4 Raging Controversies in Search Engine Optimization for 2017

The need for effective search engine optimization never ends for website managers. That’s especially true when you’re using your website for your business. With SEO you get more website visitors, which leads to more customers and greater profits. The problem is that some issues don’t really have clear-cut solutions that everyone can agree on.

For 2017, here are some of the most controversial issues in the SEO industry:

  1. The Google Mobile Index. Google has long admitted that most people who use their search service do so on mobile. Yet they’re still showing a desktop index for their results.

However, that may be about to change, as Google is testing out a mobile index. This means that Google will now check the mobile version of your website for its rankings. They’ll only check your desktop version if you don’t have a mobile version.

So first, this means that you need a mobile website that has all the SEO tactics already in place on it. If you haven’t optimized your mobile site, you’ll lose your previous ranking and level of visibility. You’ll end up with less organic generated traffic, which will then affect your conversions.

You can’t now just have a desktop version that’s optimized, and a mobile version that’s an afterthought. And you can’t go without a mobile version—you’ll just alienate a big part of your potential customer base!

  1. Switching to HTTPS. On your browser, you see a green “secure” lock icon on your address bar when you’re on an HTTPS website. This means that, indeed, the site is secure for credit cards and passwords. You have security and privacy, and generally the web pages load faster too. Nowadays, a lot more of the usual HTTP sites are rendered as “insecure” by browsers, and that’s a turn-off for potential customers.

The problem is that it isn’t all that simple to make a switch to HTTPS. It can be technically complicated, and you’ll need a pro. What’s more, once you make this switch there’s no going back. You will then have this permanent responsibility of maintaining an HTTPS version of your site.

  1. Speeding up your webpage loading with AMP. Everyone knows that most people (especially mobile users) have no patience for slow loading web pages. That’s why Google and Twitter launched the project called AMP, for Accelerated Mobile Pages. You can then avoid those annoying buffering issues because you’re using a more bare-bones version of HTML.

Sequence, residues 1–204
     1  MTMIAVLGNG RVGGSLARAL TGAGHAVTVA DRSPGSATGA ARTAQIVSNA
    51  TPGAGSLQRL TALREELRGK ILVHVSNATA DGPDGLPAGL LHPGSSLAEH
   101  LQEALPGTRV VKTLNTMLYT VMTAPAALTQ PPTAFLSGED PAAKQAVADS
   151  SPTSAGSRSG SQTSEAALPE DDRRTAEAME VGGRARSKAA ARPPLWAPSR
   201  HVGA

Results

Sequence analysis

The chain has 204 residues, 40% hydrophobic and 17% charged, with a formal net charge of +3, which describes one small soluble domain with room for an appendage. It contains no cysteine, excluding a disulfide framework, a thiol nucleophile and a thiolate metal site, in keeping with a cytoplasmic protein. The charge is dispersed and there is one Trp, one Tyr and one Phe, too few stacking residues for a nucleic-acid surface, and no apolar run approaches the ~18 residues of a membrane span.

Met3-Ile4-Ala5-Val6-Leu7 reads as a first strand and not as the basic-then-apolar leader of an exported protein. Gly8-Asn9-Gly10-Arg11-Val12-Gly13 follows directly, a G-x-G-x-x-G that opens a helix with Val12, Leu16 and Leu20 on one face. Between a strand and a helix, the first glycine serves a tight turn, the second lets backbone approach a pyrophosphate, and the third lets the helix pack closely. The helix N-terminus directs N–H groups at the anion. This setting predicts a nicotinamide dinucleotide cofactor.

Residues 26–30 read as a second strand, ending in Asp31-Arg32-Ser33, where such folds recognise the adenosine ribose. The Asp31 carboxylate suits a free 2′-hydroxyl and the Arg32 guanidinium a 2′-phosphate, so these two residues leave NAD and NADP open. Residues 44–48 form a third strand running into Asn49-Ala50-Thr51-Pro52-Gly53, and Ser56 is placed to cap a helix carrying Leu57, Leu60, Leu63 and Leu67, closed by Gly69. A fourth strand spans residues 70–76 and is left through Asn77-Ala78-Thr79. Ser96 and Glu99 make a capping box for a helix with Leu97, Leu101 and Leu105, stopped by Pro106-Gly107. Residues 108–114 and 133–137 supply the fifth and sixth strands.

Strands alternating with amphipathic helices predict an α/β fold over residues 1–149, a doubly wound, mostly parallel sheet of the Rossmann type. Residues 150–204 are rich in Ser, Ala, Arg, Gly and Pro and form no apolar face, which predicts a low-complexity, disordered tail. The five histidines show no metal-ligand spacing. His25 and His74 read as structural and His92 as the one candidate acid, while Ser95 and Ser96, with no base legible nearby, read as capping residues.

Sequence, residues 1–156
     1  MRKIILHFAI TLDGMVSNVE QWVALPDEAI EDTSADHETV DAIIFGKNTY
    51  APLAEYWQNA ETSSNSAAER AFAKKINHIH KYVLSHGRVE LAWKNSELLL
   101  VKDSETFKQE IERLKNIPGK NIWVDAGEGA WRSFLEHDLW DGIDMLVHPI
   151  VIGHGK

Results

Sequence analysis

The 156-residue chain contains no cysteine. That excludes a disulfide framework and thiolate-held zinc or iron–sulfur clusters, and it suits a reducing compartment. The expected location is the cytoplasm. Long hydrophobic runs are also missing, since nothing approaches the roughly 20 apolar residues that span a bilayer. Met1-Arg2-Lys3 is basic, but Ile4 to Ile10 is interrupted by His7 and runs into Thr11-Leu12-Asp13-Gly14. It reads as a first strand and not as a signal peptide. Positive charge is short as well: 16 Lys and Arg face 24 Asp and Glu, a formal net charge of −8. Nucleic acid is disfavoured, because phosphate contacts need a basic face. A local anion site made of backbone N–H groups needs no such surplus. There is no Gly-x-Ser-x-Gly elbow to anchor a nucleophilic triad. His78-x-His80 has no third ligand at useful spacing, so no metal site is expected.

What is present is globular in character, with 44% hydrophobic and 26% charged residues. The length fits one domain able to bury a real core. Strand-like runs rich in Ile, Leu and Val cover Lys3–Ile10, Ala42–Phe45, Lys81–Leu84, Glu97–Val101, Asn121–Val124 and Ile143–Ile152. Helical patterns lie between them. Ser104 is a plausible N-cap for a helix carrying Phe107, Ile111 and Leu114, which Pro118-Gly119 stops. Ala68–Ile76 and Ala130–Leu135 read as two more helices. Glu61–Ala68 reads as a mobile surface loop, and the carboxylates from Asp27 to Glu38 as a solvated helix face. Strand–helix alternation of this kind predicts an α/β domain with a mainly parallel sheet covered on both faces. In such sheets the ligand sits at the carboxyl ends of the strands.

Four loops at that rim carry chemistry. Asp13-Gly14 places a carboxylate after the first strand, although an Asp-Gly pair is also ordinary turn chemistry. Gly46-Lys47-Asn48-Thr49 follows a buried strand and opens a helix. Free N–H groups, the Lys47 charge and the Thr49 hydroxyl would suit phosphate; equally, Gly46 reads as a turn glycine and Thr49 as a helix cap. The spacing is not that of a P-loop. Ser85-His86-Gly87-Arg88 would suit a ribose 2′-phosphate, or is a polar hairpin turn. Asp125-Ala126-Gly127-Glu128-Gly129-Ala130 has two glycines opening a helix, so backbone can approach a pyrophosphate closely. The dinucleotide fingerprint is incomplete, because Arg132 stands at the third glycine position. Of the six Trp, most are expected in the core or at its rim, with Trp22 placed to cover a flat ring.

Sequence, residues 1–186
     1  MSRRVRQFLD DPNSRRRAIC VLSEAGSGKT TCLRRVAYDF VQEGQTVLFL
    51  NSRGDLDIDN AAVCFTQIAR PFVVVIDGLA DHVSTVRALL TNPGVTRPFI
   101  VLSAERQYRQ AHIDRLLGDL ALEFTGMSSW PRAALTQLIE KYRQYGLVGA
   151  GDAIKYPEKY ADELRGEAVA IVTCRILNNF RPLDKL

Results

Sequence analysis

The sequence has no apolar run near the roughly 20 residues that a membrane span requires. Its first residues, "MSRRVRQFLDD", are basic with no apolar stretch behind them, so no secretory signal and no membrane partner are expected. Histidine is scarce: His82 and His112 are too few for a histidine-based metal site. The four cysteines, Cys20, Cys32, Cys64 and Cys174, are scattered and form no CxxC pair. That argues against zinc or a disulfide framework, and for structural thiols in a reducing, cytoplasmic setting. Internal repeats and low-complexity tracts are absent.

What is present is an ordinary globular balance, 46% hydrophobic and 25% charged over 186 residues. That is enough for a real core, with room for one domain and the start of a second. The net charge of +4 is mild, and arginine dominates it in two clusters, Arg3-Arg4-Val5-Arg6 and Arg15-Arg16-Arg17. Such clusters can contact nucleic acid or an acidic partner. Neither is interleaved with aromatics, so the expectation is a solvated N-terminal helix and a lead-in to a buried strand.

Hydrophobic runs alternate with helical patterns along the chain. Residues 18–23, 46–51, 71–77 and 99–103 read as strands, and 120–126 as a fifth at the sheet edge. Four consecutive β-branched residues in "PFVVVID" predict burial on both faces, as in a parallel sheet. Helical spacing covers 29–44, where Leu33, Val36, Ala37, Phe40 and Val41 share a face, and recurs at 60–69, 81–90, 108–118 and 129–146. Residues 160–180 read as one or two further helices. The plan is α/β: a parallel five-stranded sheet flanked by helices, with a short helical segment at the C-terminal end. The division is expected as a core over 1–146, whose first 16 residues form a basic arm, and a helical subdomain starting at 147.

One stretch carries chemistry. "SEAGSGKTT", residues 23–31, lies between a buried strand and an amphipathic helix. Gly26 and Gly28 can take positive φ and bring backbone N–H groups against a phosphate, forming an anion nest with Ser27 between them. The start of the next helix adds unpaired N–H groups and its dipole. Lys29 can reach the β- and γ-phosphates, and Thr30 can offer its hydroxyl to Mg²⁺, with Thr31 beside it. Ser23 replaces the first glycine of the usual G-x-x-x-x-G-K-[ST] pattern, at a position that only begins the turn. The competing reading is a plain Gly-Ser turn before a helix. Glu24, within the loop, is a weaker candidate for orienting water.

Case studies showed more mobile users returning when AMP web pages are used. There’s an increase in monthly unique visitors. Ads have higher viewability rates, and the CTRs are higher too.

So what’s the problem? The problem is that you may end up taking out a lot of crucial content and functionality from your webpages, simply because they’re not crucial for SEO. You may end up with a site that’s not really great in terms of user experience, because you may lose sticky elements and main site navigational links due to the stripped down HTML.

  1. Getting rid of interstitials. Interstitials are the terms used for web pages that appear before (or sometimes after) the web page the visitor is expecting. This may be to confirm the visitor’s age for age-restricted materials like alcohol websites. Often though, it shows an ad.

Yes they’re annoying for a lot of users, and now the use of these things can have SEO ranking penalties. On the other hand, these things are a lot more effective than banner ads. They also engage the user visually, while the expected page is loading. So you will have to weigh the advertising benefits of these things against the Google penalties you may receive as a consequence of using them.

There are plenty more issues about SEO that the industry is grappling with these days. These issues do tend to emphasize a specific point—sometimes it’s best to leave SEO to the pros while you run your business!

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